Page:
However, in today’s dose of good news, NASA reported that engineers had located the source of the junk data: The AACS had started sending the telemetry data through an onboard computer known to have stopped working years ago, and the computer corrupted the information.
A bad command from another onboard computer
Suzanne Dodd, Voyager’s project manager, said that when they suspected this was the issue, they opted to try a low-risk solution: commanding the AACS to resume sending the data to the correct computer.
The solution was low-risk but time-consuming. A radio signal takes nearly 22 hours to reach Voyager 1, which was 14.6 billion miles (23.5 billion kilometers) from Earth and growing farther by the second as of August 30.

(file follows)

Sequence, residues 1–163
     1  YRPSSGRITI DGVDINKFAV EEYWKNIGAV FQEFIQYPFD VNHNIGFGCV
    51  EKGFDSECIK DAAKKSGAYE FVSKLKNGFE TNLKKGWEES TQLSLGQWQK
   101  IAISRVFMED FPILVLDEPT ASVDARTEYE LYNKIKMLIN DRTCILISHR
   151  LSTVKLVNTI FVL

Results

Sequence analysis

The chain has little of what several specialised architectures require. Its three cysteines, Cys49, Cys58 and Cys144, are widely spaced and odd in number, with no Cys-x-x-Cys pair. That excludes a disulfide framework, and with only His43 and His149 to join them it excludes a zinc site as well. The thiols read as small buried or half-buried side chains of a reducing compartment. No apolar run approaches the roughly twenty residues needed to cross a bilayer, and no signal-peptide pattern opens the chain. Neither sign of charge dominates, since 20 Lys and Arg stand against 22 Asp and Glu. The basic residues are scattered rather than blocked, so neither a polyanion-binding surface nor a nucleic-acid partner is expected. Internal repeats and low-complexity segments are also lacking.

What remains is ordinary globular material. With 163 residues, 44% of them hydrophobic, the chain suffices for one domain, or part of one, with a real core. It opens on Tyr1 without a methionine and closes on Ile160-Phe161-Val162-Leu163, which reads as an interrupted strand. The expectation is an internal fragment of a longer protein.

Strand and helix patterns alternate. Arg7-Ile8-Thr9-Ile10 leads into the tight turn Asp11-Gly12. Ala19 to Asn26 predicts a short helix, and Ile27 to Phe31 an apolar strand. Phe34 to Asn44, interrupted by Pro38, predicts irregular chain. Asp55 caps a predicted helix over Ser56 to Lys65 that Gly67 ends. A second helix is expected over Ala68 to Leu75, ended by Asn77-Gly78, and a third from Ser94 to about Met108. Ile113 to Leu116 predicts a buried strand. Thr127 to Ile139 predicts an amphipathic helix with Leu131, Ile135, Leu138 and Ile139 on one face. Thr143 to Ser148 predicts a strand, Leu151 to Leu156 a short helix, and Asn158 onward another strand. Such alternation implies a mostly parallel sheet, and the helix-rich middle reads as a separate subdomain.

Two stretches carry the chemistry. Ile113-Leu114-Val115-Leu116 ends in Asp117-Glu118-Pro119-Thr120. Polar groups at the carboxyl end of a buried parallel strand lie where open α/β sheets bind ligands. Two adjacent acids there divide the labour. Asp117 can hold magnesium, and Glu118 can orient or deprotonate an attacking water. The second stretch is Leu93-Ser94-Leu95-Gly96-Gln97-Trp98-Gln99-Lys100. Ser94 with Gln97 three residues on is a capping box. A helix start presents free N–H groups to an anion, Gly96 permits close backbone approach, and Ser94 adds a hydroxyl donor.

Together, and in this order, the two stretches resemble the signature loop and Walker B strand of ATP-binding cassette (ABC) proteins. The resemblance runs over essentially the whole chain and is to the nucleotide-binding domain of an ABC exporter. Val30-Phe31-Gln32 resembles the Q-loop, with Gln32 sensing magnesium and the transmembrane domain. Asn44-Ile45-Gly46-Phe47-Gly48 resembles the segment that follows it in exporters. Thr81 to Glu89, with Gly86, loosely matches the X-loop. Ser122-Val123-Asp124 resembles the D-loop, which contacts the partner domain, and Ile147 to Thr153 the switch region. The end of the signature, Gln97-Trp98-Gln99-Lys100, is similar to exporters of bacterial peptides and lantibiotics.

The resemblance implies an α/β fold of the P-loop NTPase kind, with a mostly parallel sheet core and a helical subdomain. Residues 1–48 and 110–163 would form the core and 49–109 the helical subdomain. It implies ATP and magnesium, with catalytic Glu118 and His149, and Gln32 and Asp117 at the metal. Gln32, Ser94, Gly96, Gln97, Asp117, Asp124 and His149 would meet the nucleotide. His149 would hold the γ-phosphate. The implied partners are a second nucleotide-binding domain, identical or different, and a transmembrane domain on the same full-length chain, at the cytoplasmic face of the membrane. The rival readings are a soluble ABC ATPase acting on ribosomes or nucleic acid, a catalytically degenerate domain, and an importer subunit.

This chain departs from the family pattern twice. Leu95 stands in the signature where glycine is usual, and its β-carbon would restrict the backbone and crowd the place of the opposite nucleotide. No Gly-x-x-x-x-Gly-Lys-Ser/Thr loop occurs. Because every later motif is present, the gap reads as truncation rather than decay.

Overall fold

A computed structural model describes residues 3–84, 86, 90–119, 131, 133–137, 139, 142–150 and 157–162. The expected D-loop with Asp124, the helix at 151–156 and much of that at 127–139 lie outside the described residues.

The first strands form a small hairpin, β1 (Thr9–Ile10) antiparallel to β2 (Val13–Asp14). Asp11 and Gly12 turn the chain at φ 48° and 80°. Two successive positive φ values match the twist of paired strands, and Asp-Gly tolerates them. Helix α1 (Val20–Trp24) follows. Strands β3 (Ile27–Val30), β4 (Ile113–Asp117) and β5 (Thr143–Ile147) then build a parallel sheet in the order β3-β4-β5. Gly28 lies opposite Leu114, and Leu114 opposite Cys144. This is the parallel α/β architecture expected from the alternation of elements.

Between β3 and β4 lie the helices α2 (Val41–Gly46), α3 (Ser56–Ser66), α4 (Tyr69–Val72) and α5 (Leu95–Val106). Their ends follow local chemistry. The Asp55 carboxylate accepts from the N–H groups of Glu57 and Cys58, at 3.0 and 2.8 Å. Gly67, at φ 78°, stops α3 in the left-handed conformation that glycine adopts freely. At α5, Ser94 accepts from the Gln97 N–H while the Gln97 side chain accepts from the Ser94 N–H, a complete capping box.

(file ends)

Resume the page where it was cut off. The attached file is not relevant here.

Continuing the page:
While the problem has been solved, the team is uncertain why it occurred in the first place.
They suspect the interstellar explorer began routing its health and status telemetry through the dead computer after receiving a bad command from yet another onboard computer. That would suggest that some other problem lurked inside Voyager 1’s computer brains. But, the mission managers don’t think it threatens the spacecraft’s long-term health.
Yet to probe the root cause
“We’re happy to have the telemetry back,” Dodd said in a statement. “We’ll do a full memory readout of the AACS and look at everything it’s been doing. That will help us try to diagnose the problem that caused the telemetry issue in the first place.”